Dogs can lose their sense of smell in cold weather. In snowstorms, they can panic and become lost and disoriented, even in once-familiar territory. Snow also has an insulating effect and muffles sound. Your pet may not hear oncoming cars or its own name when called.
Leaving your dog or cat in a car in the winter is just as deadly as leaving it in the car in summer. Pets have been known to freeze to death in a short amount of time; so, just don’t do it.
Our pets give us unconditional love, loyalty, and devotion. Return that love by giving them a healthy, comfortable life, no matter what the season.
Emergency Care Tips For Pets
Seeing your pet injured in an accident can be very distressing. HomeoPet (www.homeopetpro.com.), a company that provides advanced homeopathic pharmaceuticals to the veterinary field, put together these tips that owners can use to increase their pet’s chances of a speedy recovery.
1. Get your pet out of harm’s way. If your pet was involved in a road traffic accident, move it to the side of the road using slow, deliberate movements. You don’t want to scare an already frightened animal, or worsen injuries it may have suffered.
2. Call a veterinarian. Add your vet’s telephone number to your cell phone’s speed dial in case of emergency, or consult the phone book for the number of a local vet if you are traveling. Do not administer fluids or food to the animal (in case an anesthetic may be needed) unless instructed by the veterinarian, as in the case of an animal that has diabetes with low blood sugar.
3. Stop any bleeding. To stop heavy bleeding, apply firm pressure with a clean towel or cloth. This is usually better than a tourniquet, which can lead to tissue death from lack of oxygen. To stop a graze bleeding, apply powdered pepper or turmeric, which are easily available and work well as clotting agents.
4. Treat for shock. If an injured animal feels icy cold due to shock, wrap a plastic bottled filled with warm water in a towel to avoid burning or overheating the animal. Never put a hot water bottle directly against the animal. The animal also can be wrapped in insulating material such as a rug, a thermal blanket, or even bubble wrap. If an animal is in shock, a quiet, dimly lit space can be helpful.
5. Moving an injured animal. When a pet has been badly injured and is not easily handled due to pain, use a large rug to transport dogs, or a cage (or box) lined with a towel for small pets such as cats, rabbits, or hamsters. If you suspect fractures, a board can be used like a stretcher. Remember, even the most friendly pet may bite when it is in pain. A thick towel wrapped around your arm and hands can help. A tie or soft rope can be used as an emergency muzzle or leash.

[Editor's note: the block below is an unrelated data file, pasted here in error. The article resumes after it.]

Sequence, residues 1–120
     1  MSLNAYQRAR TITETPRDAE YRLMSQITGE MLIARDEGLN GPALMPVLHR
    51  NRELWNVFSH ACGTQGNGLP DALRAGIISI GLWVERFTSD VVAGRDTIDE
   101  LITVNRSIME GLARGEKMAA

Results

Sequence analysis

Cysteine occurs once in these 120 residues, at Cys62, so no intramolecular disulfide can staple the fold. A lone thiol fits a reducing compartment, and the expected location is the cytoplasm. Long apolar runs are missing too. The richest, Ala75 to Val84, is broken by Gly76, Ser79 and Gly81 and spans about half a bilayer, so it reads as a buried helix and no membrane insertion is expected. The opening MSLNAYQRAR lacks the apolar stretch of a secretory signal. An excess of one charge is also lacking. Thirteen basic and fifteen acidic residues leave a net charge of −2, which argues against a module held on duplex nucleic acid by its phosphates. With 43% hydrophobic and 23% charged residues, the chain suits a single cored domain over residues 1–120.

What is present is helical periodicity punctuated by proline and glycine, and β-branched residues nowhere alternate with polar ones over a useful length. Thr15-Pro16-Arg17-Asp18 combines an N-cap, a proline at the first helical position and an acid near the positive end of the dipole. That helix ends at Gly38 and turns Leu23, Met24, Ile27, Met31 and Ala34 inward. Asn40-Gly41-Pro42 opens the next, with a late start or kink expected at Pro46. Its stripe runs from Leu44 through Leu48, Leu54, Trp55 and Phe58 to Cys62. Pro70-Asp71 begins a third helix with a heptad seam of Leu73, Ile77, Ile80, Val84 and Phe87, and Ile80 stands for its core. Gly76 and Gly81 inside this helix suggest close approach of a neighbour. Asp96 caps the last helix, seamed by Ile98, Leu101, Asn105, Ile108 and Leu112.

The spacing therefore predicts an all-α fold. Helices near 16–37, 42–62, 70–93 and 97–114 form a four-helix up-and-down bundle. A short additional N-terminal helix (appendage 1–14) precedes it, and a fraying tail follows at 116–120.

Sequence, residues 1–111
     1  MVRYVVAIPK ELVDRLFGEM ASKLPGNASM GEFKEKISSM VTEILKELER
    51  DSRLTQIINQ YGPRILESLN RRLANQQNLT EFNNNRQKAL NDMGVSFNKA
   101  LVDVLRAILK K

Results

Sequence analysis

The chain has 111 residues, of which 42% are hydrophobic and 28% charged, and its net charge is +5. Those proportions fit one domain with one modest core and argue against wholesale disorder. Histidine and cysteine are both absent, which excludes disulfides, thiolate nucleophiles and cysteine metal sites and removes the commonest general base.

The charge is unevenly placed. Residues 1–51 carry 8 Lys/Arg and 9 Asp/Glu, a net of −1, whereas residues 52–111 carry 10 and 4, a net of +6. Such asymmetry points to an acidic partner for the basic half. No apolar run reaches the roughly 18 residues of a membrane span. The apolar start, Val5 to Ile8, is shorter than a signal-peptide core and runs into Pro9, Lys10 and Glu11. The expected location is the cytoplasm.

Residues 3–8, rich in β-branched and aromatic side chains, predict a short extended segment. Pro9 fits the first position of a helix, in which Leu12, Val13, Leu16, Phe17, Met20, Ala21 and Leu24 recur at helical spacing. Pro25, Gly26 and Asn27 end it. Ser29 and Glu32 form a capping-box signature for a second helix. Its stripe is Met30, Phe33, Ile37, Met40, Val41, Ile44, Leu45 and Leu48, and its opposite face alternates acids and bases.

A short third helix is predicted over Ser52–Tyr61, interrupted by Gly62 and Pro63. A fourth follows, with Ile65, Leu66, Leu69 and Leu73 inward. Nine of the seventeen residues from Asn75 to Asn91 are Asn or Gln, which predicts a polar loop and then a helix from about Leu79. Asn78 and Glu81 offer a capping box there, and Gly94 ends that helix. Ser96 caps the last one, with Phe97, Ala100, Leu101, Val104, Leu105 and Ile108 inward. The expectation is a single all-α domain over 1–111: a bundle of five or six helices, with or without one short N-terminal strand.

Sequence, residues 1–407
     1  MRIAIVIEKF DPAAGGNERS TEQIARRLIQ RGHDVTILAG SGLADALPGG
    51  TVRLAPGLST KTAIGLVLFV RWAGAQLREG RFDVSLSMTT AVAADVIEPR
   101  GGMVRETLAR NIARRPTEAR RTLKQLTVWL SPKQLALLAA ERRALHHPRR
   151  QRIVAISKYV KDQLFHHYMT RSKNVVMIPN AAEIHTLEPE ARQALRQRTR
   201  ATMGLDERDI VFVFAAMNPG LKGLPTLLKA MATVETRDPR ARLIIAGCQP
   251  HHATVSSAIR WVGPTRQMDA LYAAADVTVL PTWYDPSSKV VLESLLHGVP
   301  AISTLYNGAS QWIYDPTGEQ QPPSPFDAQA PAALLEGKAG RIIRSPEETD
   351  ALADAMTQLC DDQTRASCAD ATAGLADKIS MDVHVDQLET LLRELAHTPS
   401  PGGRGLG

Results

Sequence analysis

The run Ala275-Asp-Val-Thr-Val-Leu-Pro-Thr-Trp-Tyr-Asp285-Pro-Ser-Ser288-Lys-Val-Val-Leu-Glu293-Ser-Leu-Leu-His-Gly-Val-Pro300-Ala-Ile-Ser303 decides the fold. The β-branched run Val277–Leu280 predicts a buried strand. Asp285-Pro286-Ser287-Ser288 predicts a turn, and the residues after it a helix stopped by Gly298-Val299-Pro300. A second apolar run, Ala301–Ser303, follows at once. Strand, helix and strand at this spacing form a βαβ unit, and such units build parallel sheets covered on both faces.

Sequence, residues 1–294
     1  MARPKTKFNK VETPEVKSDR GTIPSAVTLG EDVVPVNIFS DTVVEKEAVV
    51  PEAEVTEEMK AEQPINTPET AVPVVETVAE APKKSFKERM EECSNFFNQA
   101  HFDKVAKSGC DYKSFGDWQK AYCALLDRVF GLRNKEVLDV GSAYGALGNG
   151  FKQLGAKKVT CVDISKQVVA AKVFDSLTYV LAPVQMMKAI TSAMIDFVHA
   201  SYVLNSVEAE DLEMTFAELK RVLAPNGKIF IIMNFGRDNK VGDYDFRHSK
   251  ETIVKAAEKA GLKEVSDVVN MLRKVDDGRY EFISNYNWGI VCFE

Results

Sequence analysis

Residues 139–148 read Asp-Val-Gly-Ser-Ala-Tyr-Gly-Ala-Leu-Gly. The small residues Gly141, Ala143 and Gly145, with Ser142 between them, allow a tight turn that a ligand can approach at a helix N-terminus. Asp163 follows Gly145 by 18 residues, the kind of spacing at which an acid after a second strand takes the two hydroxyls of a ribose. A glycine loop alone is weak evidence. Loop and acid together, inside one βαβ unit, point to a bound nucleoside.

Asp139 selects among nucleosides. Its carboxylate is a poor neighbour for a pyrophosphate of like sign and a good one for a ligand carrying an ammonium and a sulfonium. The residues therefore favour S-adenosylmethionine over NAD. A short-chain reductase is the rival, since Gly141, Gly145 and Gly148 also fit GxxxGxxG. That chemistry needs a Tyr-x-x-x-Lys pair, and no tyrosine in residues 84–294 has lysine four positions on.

6. Treating wounds. Clean wounds can be washed with calendula herbal tincture (available at most health food stores); add 10 to 20 drops to tepid water. Infected wounds can be safely cleaned with tepid salt water. Use as much salt as will dissolve in water.
7. Help the healing. Always carry a tube of healing cream for external application on wounds, cuts, bruises, burns, and bites.
Book Helps Travelers Find A Vet
You’re traveling in your motorhome hundreds of miles away from your home base, and suddenly your pet becomes very ill. You can’t get back to your regular vet, so you need to find someone in the area who can provide immediate attention to your pet. But where can you find such information quickly?
The answer may be the Pet E.R. Guide by FMCA member Melinda Lord ($19.95, Trailer Life Books). This 198-page book offers state-by-state listings for more than 700 after-hour and 24-hour veterinary facilities in the United States. Each listing includes the vet’s address, phone number, fax number, hours of operation, and Web site.
The guide suggests questions you should ask when making initial contact with a veterinary facility. It also provides ASPCA poison control information, emergency and evacuation planning information for your pets, and pages to help you keep records of critical information about your pets.
Visit www.petemergencybook.com for more information or to purchase the book. It also is available at online booksellers.